A few weeks ago I watched the French version of The Voice – pronounced ‘Ze Voice’, of course – for the first time. I hate programmes in which people are expected to work as teams when they know perfectly well that their team ‘mates’ will be eliminated; or, even worse, when they have to eliminate each other. It’s psychological cannibalism. These programmes destroy the whole notion of what makes a team strong. They set a negative example for the audience.
Anyway, rant over. I sat down to share a few minutes of TV with my teenage daughter, who is crazy about music (having first ranted so she understood the problem with the model the programme presents).
The first thing that struck me – apart from Mika’s magnetism – was the high quality of the voices. I’d expected the producers to choose some appalling singers and make a cheap show of the audition. But no, this wasn’t the case. And I liked the idea of the judges choosing their favourite voices without being swayed by the singers’ appearances. The cynical side of me pointed out that the judges had probably seen everyone beforehand and just given the illusion of a blind audition for the filmed show. Nevertheless, I found myself listening to the singers and trying to identify what it was the judges were looking for and whether a singer possessed it or not.
Yes, you’ve guessed it. Voice. Being able to sing perfectly is the minimum, the starting point. What the judges want is something more than technique, something in the singer’s interpretation that makes the song they’re singing become their own. They’re looking for that little extra that makes the listener shiver in response. As I listened, I realised that it’s exactly the same in storytelling. Isn’t that sad? I can’t even watch a popular TV programme without thinking of work.
In writing, we call it Voice. It’s difficult to analyse Voice. Although I’d understood it to be the writer’s style – their own, personal way of telling stories – I’d always found it difficult to pin down exactly what it was, and to know whether I’d ‘got it’ or not. I was especially worried when a writing colleague confessed disappointment with a story I wrote because they couldn’t hear my voice in it. ‘But I don’t want you to hear MY voice,’ I remember thinking. ‘I want you to hear my character’s voice.’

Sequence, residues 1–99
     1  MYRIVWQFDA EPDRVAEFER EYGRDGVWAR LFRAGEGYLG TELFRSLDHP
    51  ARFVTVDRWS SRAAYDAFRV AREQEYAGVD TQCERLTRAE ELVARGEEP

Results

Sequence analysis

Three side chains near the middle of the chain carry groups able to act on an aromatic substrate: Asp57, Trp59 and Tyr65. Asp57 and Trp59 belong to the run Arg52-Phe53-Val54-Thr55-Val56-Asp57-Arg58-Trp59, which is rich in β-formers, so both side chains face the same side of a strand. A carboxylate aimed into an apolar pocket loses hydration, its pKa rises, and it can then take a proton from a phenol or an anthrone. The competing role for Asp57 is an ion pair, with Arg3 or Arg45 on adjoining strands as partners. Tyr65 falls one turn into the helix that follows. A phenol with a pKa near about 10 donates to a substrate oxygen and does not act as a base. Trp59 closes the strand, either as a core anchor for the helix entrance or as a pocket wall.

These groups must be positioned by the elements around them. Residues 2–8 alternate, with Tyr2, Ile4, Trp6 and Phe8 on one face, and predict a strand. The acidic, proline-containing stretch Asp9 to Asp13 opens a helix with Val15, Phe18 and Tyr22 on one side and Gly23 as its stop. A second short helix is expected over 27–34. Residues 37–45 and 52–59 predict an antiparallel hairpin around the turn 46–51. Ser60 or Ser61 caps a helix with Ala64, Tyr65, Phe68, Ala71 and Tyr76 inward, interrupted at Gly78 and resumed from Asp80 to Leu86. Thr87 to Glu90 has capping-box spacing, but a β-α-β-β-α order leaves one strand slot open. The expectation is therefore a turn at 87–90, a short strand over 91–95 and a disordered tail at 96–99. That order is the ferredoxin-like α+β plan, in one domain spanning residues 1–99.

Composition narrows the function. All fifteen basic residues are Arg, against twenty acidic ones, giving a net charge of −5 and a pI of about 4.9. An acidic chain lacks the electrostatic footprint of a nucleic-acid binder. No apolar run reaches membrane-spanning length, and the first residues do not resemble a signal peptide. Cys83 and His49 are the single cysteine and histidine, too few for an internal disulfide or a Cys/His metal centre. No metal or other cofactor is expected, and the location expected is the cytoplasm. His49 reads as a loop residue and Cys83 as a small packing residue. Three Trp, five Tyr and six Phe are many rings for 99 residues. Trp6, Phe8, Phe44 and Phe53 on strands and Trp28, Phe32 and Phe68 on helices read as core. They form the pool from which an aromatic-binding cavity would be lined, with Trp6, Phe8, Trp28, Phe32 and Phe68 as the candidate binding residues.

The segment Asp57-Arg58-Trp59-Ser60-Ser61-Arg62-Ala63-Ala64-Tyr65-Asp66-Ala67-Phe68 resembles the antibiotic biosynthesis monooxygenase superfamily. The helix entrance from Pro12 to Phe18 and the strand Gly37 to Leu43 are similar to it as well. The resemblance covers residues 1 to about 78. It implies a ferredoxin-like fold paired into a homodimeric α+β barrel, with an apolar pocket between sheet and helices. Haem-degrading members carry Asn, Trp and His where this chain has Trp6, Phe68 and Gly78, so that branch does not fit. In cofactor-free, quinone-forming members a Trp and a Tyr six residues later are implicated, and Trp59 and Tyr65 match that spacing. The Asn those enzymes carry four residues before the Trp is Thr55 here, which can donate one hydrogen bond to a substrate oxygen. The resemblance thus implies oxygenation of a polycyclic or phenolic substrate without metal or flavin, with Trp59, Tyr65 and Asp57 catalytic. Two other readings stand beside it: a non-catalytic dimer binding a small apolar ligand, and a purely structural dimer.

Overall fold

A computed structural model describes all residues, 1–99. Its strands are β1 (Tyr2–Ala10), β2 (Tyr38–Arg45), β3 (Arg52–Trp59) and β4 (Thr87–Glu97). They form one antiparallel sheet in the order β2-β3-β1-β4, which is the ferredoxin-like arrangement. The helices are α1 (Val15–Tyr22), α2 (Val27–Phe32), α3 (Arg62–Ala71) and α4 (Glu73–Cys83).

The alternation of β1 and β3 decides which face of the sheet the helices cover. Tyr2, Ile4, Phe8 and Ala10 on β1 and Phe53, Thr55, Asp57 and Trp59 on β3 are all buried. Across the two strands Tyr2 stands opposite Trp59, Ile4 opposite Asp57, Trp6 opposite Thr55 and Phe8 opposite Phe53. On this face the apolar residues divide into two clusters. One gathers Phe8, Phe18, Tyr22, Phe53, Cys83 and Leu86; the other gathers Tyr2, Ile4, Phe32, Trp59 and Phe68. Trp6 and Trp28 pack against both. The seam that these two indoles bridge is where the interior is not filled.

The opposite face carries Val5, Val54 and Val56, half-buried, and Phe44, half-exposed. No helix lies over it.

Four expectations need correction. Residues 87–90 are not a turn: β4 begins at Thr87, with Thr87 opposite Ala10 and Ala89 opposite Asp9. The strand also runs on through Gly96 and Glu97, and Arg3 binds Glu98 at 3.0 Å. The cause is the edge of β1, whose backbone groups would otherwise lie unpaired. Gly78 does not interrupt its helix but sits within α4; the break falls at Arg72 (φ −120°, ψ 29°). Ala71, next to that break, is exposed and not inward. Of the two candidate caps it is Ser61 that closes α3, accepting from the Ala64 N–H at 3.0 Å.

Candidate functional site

In listening for that little extra in the singers’ performances, I found a parallel to the writing Voice. It helped me understand what agents, publishers and readers look for in stories. It goes beyond the voices of the story characters: it’s a hidden layer that infiltrates your story, makes it more meaningful and touches your reader.
Writers talk about finding their Voices. We learn writing techniques and practise writing until we can tell a story convincingly. But Voice isn’t a technique we can apply. Writing guides won’t help. It’s something deeper, something linked to our life experiences. It underlies the story we’re telling and seeps through the fabric of its structure. As with the singers, our Voice is our interpretation of what we’re communicating. It is so inherent that I don’t think we necessarily know when we’ve found it. But readers recognise it, even if they can’t always name the source of their emotive response.
I believe that to find our Voice, we must learn to trust ourselves to say what we want to say in the way we feel is best. Perhaps this is why we are told to write about what we know – because then we write from experience. Our Voice sits on one shoulder and guides our fingers on the keyboard. Technique sits on the other.
Is Voice the same as talent? I don’t know. All the singers were talented. But not all of them made the hairs on the back of my neck rise. And none were as irresistible as Mika!